Sub-Themes: Catholicism and Protestantism
Knight and Virtue / Theme: Sir Guyon and Temperance.
Plot: Guyon and his guide the Palmer are on a quest to avenge the death of Amavia and save her knight Verdant from Acrasia. Archimago and Duessa trick Guyon into thinking Redcrosse has raped Duessa (disguised as Fidessa). They travel to the Bower of Bliss meeting with opposition along the way and finally defeat Acrasia, after which they free her prisoners.
Ideal Form: The House of Temperance, headed by Alma.
Antithesis: The Bower of Bliss, on which lives Acrasia (the name Akrasia comes from the Greek ἀκρασία meaning a lack of self-control).
Friends: Medina, Arthur, and others.
Enemies: Archimago and Duessa, Sir Huddibras, Braggadochio and Trompart, Furor and Occasion, Pyrrochles and Cymochles, Mammon, Sir Mordant, and others.
Sub-Themes: The history of Britain and Protestantism.
Knight and Virtue / Theme: Britomart and Chastity.
Plot: Having seen his reflection in an enchanted mirror, Britomart (accompanied by Glauce) seeks Artegall with whom she has fallen in love (she does not find him in Book III). She is on a quest to help Sir Scudamore save his beloved Amoret from the wizard Busirane. Meanwhile Florimell seeks Marinell, who refuses to return her love.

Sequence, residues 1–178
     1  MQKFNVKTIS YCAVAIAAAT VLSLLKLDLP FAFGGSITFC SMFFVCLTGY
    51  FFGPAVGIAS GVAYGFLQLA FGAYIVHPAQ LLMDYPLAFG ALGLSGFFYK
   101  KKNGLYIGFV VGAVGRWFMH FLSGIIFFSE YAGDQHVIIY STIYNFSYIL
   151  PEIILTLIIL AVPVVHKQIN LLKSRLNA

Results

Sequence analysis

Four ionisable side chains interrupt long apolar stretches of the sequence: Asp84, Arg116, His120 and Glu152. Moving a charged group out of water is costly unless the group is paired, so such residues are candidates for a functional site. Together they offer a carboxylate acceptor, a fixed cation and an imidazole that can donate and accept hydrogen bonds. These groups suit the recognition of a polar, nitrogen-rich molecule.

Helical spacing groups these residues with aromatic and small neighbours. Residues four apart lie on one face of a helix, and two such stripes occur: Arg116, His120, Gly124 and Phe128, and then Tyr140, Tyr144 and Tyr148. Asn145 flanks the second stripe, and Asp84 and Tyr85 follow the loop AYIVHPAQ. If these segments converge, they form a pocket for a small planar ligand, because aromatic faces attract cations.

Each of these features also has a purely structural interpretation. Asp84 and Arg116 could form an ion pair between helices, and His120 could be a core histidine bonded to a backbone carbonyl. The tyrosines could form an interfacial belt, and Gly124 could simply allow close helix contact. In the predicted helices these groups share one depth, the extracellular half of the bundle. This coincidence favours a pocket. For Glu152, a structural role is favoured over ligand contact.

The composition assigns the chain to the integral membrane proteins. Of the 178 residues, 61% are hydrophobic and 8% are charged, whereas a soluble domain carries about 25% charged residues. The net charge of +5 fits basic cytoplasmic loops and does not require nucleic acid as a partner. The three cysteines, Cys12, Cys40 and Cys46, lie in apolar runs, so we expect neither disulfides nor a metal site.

Ideal Form: The Garden of Adonis.
Antithesis: The Castle Ioyeous and The House of Busirane.
Friends: Arthur, Timias, Belphoebe, Florimell, and others.
Enemies: Satyrane, Malbecco, Busirane, Proteus, Malcesta, False Florimell, and others.
Sub-Themes: The differences between love and lust and the ideas of courtly love.
|Sir Cambel and Sir Telamond.|
Knights and Virtue / Theme: Sir Cambel and Sir Telamond (alternatively spelled 'Triamond) and Friendship.
Plot: Book IV is one of the most confusing of Books and has far less focus that the others. Roughly: as Britomart continues to help Amoret find Scudamore we learn the history of Cambel, his wife Cambina, his friend Triamond, and Triamond's wife Canacee, learning the true essence of friendship. Arthur saves Amoret and Aemylia from a monster.
Ideal Form: Temple of Venus.
Antithesis: Timias' cave where he lives as a hermit.
Friends: Arthur, Timias, Belphoebe, and others.
Enemies: Duessa, Ate, Blandamour, Paridell, False Florimell, Satyrane, Corflambo, and others.
Sub-Themes: The Geography of Britain.
Knight and Virtue / Theme: Sir Artegal and Justice.
Plot: Artegal saves many people from various injustices. He is on a quest to save Eirene's castle from a tyrant. Britomart rescues Artegal from the Amazons.
Ideal Form: The Court of the Faerie Queene.
Antithesis: Radigund's Castle.
Friends: Eirene, Mercilla
Enemies: Grantorto, Munera, Radigund, Adicia and her husband, Geryon, and others.
Knight and Virtue / Theme: Sir Calidore and Courtesy.
Plot: Calidore is on a quest to subdue the Blatant Beast. On his way he meets various people who have been mistreated, not unlawfully, but discourteously, which does great damage to them.
Ideal Form: The Hermitage.
Antithesis: Sir Turpine's Castle.